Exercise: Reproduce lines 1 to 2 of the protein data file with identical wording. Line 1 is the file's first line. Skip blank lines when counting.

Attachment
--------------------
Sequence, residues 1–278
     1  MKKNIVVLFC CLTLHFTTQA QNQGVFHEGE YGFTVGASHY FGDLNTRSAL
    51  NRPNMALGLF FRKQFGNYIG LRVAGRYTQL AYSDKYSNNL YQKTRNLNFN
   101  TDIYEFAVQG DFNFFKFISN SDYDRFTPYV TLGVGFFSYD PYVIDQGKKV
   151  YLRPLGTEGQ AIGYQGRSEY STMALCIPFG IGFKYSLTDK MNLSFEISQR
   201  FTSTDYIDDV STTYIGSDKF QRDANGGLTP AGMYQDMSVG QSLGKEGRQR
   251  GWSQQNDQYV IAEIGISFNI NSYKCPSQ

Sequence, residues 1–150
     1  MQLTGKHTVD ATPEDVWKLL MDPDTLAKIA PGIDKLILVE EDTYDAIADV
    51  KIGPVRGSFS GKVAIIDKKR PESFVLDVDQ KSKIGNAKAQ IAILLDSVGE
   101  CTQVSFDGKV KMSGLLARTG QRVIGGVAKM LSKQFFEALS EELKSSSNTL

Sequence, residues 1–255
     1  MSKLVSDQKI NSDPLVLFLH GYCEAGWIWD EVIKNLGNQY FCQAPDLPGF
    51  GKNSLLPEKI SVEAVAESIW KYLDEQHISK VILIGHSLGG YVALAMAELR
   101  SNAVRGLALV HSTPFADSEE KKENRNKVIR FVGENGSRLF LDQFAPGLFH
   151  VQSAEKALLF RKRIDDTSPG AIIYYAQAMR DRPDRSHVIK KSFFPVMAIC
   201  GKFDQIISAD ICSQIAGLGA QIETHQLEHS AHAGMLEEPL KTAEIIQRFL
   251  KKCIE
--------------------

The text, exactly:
Sequence, residues 1–278
     1  MKKNIVVLFC CLTLHFTTQA QNQGVFHEGE YGFTVGASHY FGDLNTRSAL